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  • Author: Mihai Olteanu x
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Pulmonary tuberculosis with atypical presentation because of unknown previous HIV infection – case report



People coinfected with tuberculosis (TB) and human immunodeficiency virus (HIV) are 20–37 times more likely to develop active TB disease than non-HIV-infected people. Syndemic interaction between HIV and TB epidemics has made testing for TB a must for HIV-infected people and vice versa. We present the case of a young male diagnosed with HIV infection, due to mandatory HIV testing for all TB cases in Romania.

Case presentation

A 30-year-old man was hospitalized for fever, chills and productive cough not influenced by previous antibiotic home treatment. He was admitted with tachycardia and bilateral presence of coarse crackles in lower pulmonary areas. Chest X-ray suggested bilateral bronchopneumonia; the results from blood tests showed inflammation, leukocytosis and anaemia. Hemocultures were negative. Under wide-spectrum antibiotic treatment, his general condition partially improved, but on the seventh day, chest X-ray revealed abscess in the left inferior lobe and the progression of previous lesions. Chest computed tomography revealed multiple large consolidation areas in both lung areas, a 13 cm diameter abscess and multiple mediastinal adenopathy of 2–4 cm in diameter. Acid fast bacilli smear from sputum was positive. After the diagnosis of pulmonary TB, anti-TB treatment was started; the patient was subsequently diagnosed with HIV infection. He received specific anti-TB treatment, and 3 weeks later, retroviral treatment was initiated. Clinical evolution was favourable and radiological appearance improved. In addition, he did not present any adverse effects of therapy.


HIV testing for all TB cases is a must because HIV-TB coinfection raises important diagnostic and treatment problems.

Open access
Case Study on Vulnerability Increase for a Reinforced Concrete Frame Structure


Seismic vulnerability for a structure represents the susceptibility to be affected by an event with a given intensity. The vulnerability of a structure can be influenced by the design methods or by different problems that may appear during the execution process.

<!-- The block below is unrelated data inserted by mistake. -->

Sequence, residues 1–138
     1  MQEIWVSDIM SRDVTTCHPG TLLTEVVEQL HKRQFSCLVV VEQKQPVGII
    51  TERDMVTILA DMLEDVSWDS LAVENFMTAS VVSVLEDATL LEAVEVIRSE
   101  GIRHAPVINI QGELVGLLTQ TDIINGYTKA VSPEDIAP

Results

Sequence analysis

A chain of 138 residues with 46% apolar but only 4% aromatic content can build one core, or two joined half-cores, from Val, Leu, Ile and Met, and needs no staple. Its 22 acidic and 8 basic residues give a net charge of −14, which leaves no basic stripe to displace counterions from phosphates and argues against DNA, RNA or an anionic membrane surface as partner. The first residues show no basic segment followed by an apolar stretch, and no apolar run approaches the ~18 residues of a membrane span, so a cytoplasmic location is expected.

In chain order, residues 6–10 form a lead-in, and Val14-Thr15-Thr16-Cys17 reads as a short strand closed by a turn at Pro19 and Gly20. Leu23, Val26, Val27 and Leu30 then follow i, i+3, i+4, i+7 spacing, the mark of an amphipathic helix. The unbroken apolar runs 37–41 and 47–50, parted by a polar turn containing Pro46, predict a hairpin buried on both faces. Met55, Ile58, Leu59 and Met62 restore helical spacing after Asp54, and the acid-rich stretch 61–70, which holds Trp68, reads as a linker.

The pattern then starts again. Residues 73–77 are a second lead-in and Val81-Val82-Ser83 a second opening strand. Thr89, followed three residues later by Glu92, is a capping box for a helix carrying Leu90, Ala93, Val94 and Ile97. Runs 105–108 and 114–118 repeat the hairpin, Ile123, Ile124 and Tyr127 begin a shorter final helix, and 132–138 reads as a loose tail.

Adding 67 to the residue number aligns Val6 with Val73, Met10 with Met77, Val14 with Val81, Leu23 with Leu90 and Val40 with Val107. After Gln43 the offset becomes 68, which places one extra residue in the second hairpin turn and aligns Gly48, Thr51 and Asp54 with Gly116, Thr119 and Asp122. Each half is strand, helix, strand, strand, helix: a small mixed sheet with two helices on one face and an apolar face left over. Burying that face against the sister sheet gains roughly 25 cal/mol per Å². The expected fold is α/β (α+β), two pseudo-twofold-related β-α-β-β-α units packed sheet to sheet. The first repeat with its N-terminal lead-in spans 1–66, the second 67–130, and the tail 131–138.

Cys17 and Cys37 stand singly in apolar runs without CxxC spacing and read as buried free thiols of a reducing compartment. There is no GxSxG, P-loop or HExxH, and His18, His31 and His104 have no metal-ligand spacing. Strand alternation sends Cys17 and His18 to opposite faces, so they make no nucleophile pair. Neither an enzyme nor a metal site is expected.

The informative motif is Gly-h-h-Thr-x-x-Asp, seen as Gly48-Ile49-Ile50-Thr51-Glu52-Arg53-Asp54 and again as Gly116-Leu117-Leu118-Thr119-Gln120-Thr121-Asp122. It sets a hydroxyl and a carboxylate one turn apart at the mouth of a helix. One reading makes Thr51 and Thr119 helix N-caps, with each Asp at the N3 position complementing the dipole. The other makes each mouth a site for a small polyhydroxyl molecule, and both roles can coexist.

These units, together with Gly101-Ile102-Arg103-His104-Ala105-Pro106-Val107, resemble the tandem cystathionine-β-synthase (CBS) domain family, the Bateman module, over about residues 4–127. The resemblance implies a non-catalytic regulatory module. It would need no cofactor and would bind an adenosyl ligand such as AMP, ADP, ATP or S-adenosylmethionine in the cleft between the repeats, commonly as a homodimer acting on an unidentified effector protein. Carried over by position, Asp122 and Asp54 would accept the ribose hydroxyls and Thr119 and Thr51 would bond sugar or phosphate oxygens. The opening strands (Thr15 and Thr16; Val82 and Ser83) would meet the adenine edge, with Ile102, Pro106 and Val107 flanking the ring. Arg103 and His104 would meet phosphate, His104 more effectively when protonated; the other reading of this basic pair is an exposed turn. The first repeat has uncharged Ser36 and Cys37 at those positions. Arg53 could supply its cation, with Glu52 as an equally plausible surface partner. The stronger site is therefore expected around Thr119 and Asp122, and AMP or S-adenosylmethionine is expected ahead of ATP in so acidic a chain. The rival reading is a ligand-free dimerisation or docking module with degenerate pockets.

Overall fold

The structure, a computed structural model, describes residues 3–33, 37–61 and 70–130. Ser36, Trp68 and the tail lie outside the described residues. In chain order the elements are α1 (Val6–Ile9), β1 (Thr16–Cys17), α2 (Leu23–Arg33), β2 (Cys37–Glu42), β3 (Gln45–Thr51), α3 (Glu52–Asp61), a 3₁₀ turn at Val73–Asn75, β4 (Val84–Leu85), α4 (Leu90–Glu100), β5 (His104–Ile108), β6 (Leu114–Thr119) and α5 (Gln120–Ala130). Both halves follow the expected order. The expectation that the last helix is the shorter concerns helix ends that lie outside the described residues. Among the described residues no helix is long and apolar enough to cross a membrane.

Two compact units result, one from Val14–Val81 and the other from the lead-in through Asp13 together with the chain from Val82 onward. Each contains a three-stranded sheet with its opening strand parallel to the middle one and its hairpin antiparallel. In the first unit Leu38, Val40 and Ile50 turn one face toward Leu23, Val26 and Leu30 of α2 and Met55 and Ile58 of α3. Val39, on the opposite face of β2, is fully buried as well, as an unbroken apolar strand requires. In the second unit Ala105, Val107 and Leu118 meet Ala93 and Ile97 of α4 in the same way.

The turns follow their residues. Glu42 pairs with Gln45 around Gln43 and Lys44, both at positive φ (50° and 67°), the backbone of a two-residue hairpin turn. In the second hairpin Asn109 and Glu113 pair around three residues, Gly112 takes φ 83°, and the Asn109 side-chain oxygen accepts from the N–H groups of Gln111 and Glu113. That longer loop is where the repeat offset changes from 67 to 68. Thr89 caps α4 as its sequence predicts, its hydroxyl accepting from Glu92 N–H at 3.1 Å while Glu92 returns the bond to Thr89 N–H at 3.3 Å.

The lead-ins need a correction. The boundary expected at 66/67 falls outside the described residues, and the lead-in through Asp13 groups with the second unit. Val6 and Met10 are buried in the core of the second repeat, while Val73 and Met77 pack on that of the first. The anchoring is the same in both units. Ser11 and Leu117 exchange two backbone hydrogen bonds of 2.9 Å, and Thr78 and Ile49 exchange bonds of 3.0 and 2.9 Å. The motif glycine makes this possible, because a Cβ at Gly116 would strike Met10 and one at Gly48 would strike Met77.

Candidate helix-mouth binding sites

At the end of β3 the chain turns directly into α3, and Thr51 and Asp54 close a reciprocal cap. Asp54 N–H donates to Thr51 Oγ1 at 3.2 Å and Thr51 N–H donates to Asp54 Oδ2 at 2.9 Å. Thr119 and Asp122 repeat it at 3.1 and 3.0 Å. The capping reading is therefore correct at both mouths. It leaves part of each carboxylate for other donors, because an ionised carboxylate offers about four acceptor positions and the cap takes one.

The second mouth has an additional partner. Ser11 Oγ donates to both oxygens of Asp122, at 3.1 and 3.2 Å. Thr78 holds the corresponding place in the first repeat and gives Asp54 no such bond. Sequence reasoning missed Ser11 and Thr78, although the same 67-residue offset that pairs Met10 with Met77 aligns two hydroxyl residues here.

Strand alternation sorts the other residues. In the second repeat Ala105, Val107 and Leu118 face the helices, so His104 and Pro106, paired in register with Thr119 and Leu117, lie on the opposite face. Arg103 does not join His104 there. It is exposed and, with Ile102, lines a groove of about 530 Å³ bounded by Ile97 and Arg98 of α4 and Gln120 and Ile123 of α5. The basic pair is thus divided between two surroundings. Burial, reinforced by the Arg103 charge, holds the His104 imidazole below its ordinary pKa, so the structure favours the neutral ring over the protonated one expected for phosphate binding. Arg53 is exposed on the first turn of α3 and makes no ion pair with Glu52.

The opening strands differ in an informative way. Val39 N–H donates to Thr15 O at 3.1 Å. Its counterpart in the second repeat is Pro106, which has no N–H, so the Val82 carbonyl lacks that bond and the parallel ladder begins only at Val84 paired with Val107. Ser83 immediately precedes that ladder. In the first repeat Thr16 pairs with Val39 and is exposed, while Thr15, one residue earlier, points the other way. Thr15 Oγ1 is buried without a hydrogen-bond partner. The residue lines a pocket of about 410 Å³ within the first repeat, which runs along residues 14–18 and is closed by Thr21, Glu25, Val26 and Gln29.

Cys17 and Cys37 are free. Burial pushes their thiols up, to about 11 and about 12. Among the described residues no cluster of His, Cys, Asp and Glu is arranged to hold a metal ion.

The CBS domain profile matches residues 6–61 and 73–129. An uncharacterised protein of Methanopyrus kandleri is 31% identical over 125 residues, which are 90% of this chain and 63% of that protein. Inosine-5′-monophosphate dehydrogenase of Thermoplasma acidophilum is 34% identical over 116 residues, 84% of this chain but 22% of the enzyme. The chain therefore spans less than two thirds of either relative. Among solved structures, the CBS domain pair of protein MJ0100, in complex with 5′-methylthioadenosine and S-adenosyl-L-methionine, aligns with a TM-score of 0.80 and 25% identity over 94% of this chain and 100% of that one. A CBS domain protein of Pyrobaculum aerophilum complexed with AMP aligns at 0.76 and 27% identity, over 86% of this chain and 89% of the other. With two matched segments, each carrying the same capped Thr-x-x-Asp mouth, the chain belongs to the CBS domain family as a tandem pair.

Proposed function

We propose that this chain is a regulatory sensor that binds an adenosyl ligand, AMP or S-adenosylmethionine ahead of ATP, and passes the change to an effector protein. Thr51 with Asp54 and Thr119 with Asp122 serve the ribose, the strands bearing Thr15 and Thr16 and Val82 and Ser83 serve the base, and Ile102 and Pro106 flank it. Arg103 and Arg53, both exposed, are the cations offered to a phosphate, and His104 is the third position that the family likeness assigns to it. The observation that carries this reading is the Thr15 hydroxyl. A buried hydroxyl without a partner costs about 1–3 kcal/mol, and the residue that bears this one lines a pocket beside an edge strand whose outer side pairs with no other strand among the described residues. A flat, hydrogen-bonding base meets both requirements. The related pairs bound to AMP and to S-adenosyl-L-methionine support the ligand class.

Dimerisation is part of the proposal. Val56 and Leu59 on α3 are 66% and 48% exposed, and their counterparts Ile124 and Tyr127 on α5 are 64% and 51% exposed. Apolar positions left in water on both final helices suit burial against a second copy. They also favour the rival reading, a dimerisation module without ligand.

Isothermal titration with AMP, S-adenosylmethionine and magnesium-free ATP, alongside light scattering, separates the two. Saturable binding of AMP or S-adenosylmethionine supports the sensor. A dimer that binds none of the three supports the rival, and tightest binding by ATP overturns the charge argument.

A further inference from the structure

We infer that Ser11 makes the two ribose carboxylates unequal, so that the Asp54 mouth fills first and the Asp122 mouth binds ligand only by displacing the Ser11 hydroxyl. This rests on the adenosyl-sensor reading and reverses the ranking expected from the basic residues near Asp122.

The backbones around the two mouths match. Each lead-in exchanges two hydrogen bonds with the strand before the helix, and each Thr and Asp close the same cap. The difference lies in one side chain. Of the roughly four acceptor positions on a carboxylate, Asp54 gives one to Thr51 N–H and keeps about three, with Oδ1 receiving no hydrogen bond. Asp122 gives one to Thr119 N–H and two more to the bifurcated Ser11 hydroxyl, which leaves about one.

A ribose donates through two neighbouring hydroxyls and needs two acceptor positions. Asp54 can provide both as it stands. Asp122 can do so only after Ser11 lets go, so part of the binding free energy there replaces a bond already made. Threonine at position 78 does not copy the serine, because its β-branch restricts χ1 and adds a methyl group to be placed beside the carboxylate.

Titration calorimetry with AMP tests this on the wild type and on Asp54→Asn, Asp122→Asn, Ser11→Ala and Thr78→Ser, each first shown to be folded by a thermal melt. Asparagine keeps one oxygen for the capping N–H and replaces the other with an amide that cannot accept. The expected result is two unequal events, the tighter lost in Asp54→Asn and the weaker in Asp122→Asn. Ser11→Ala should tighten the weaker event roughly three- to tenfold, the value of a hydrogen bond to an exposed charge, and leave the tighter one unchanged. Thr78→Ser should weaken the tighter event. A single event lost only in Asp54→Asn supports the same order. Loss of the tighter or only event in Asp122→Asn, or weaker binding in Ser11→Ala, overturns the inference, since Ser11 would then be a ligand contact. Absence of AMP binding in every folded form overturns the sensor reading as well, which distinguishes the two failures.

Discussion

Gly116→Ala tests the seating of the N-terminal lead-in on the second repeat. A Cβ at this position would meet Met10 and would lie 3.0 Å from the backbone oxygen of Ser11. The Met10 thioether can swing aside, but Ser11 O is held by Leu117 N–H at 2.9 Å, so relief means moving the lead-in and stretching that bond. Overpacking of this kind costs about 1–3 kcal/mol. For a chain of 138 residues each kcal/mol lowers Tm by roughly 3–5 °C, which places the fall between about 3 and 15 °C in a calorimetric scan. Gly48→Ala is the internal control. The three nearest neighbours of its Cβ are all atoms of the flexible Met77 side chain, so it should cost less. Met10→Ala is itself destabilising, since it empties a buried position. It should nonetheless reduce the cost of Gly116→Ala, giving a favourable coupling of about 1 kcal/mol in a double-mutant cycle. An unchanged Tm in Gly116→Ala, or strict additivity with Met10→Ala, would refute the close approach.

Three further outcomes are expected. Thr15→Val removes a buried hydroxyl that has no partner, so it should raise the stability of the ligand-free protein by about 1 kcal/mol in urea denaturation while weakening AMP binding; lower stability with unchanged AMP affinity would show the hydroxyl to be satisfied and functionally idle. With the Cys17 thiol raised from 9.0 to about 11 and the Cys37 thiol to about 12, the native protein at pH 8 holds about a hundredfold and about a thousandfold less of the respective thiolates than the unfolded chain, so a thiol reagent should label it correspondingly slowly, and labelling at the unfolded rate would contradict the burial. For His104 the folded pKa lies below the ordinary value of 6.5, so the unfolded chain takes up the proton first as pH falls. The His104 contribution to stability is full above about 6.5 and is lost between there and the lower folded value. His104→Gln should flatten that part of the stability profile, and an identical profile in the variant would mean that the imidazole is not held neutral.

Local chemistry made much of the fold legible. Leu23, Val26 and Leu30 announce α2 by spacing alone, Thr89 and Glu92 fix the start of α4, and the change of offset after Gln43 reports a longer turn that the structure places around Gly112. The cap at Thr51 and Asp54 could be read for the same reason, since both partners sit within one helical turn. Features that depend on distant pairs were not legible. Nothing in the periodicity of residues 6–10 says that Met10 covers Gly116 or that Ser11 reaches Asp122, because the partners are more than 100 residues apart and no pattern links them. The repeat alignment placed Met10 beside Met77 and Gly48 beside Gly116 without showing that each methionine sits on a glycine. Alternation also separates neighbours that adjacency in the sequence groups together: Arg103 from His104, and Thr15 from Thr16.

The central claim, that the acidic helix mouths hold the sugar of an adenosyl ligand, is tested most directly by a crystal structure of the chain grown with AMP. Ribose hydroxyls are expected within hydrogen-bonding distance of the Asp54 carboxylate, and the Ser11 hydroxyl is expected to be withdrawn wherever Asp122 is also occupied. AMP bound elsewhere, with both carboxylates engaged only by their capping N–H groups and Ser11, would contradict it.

This paper shows a case study for the vulnerability increase of a reinforced concrete frame structure in 2 different situations:

a) modification produced due to code changes, meaning P100-2006 respectively P100-2013;

b) modifications produced the structure taking into account the errors which have occurred during the execution process;

For both cases, capacity curves were plotted considering the nonlinear analysis, also called pushover. The numerical simulation was performed in SAP2000 software. These curves were compared with the response spectrum corresponding to the site conditions in order to obtain the performance point. For accurate results, fragility curves were plotted for both considered situations, according to previous research of the authors.

The paper emphasizes the importance of each stage during the execution of a structure. More over the differences in the vulnerability index show the importance on the overall behavior of the structure. Solution to increase strength and safety for the structure are also given at the end of the paper

Open access
Polymorphisms in autophagy genes and active pulmonary tuberculosis susceptibility in Romania


Autophagy, a homeostatic process involved in nutrient regeneration and immune responses, may be involved in intracellular killing of M. tuberculosis. Several studies linked variation in autophagy genes with susceptibility to pulmonary tuberculosis, but others did not confirm these findings.

We genotyped single nucleotide polymorphisms (SNPs) in the ATG5 (rs2245214, c.574-12777G>C) and NOD2 (rs2066844, c.2104C>T) genes for 256 pulmonary tuberculosis patients and 330 unrelated healthy controls in Romania. Both SNPs have been reported as relevant for the autophagy process and potentially for susceptibility to active pulmonary tuberculosis.

In our study, the polymorphisms in ATG5 and NOD2 were not associated with tuberculosis. This suggests that the two genetic variants we focused on are not related to the risk for developing active TB in a Romanian population.

Open access